If you are interested in organizing a side event at the conference please get in touch via: info[@]ihsa.info. Examples of side events: Round table, small meeting on a specific topic, film viewing, art showing etc. There will be space for a few tables in our exhibition space. The costs for a manned exhibition table is 150 euros for 3 days which includes lunch, coffee and tea for one person.
There will be table space for flyers and brochures for conference participants as well.
Book Presentation and Launch – From emergency to the politics of protracted crisis: The long-term effects of aid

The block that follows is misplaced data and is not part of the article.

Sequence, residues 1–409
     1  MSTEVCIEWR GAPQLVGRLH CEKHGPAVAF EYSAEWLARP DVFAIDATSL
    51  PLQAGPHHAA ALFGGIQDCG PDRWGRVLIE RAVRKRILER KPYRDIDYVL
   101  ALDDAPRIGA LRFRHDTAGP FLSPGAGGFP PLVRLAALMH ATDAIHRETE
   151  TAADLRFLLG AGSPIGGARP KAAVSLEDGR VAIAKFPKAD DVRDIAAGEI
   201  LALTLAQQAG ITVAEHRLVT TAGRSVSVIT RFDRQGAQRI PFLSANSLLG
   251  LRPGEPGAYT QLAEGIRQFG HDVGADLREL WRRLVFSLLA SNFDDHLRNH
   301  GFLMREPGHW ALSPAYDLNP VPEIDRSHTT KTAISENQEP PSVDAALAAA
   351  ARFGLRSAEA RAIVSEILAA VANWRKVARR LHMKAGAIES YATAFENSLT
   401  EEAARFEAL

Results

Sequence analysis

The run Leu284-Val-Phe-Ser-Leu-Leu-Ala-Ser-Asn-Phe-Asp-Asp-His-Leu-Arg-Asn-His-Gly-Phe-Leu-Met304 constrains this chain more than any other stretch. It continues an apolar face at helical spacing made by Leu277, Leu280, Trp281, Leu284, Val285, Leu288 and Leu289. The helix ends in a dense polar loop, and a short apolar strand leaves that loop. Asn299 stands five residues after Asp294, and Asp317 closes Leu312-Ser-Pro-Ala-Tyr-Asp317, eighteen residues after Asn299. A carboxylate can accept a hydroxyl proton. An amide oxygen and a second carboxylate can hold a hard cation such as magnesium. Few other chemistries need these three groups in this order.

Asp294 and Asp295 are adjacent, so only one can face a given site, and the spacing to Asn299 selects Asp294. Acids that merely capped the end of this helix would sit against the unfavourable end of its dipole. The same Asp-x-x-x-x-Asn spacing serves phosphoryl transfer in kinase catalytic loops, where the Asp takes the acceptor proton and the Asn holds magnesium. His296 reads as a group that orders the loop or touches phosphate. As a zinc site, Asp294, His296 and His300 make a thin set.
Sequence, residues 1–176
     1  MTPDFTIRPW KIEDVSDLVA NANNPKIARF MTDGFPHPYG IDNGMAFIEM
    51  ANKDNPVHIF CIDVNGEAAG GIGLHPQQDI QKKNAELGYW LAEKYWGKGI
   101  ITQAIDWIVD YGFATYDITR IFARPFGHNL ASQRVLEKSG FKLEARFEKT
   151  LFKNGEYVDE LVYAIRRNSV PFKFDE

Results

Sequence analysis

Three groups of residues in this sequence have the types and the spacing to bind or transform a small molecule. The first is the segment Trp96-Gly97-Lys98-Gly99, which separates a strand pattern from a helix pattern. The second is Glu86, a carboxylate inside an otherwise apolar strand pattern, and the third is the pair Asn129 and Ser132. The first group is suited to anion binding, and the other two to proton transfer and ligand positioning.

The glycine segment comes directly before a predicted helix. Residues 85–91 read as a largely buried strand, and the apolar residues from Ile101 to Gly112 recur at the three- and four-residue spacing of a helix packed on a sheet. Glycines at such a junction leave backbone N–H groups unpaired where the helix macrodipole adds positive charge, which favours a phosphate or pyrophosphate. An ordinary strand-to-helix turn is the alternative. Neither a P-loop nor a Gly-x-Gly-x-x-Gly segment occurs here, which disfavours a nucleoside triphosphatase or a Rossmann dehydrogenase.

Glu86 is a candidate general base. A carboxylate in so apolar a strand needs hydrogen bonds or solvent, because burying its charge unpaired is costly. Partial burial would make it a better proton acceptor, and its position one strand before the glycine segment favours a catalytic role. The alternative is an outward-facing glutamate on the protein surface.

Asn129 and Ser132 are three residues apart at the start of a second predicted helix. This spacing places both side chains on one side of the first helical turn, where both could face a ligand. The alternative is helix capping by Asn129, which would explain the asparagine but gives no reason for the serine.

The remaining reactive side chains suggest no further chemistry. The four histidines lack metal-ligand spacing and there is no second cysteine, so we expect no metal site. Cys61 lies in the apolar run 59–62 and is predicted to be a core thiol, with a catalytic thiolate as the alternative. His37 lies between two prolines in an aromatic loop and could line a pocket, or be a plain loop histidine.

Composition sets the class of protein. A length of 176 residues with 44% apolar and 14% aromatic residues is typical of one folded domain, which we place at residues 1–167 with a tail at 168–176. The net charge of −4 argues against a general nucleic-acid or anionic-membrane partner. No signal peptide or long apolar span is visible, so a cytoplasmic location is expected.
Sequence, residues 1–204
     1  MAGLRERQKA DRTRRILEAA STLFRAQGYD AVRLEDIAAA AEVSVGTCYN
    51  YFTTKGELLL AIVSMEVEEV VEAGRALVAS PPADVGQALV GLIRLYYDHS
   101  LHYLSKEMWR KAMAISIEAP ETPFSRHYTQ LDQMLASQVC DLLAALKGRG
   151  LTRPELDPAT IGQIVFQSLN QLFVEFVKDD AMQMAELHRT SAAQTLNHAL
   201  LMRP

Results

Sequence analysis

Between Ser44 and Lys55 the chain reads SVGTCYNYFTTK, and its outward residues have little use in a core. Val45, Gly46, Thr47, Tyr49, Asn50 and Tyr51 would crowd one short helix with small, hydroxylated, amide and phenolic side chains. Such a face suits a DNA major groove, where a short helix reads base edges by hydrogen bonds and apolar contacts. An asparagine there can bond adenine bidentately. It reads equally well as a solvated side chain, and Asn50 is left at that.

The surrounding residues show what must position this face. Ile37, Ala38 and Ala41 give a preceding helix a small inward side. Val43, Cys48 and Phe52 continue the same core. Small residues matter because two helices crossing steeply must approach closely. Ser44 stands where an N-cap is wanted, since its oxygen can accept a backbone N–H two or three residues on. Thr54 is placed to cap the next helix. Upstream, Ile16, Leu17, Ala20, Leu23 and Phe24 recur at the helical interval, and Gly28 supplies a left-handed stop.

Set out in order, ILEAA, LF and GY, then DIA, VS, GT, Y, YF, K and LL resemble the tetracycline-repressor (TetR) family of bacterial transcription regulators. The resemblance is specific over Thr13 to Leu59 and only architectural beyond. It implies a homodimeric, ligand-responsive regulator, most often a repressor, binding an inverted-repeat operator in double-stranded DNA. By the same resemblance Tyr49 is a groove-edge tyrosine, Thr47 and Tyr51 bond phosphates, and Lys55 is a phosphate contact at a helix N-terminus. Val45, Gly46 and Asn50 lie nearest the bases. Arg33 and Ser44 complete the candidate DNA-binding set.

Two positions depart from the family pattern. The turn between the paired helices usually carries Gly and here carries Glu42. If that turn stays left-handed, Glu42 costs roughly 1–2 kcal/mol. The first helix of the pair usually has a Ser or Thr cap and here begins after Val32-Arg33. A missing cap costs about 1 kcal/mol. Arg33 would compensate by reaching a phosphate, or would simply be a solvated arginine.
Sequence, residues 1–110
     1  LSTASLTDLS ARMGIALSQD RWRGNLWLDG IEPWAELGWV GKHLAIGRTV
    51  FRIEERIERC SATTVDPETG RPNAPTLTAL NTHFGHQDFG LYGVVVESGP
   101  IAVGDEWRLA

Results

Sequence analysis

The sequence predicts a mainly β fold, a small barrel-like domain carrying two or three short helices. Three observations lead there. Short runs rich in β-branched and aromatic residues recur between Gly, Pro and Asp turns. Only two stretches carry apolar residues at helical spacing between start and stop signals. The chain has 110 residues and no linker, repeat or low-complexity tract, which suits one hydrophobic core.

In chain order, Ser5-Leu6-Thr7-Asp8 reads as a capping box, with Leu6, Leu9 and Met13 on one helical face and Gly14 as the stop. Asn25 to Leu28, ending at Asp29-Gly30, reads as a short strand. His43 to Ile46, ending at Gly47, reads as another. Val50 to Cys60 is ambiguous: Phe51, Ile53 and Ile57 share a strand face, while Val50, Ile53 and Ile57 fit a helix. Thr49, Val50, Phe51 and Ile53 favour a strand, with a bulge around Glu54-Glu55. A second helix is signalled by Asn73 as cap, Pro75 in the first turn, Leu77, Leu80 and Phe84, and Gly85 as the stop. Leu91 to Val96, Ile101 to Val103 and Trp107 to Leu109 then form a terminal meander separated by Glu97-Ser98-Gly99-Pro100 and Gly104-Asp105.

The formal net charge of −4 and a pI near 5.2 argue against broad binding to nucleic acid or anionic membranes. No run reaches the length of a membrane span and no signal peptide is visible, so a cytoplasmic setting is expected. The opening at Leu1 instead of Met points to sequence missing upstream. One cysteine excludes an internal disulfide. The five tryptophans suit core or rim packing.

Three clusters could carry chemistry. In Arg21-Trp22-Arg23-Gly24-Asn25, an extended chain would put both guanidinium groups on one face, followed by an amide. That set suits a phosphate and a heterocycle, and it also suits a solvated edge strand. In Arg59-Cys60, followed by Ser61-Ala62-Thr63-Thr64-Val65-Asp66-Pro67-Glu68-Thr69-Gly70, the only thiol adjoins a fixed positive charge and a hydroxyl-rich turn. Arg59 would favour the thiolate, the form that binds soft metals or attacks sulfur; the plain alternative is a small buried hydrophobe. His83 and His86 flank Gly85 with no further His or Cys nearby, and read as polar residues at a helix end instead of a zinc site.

Time: 15.40 – 17.10
By Susanne Jaspars and Bram Jansen
Emergency aid is often planned as a temporary life-saving intervention. These days, however, many crises are long-term and aid is often provided for decades. In such circumstances, people, governments and societies learn and develop in ways which are often not anticipated by those who provide the aid, and by those affected by it, but which is essential to understand if aid is to be effective.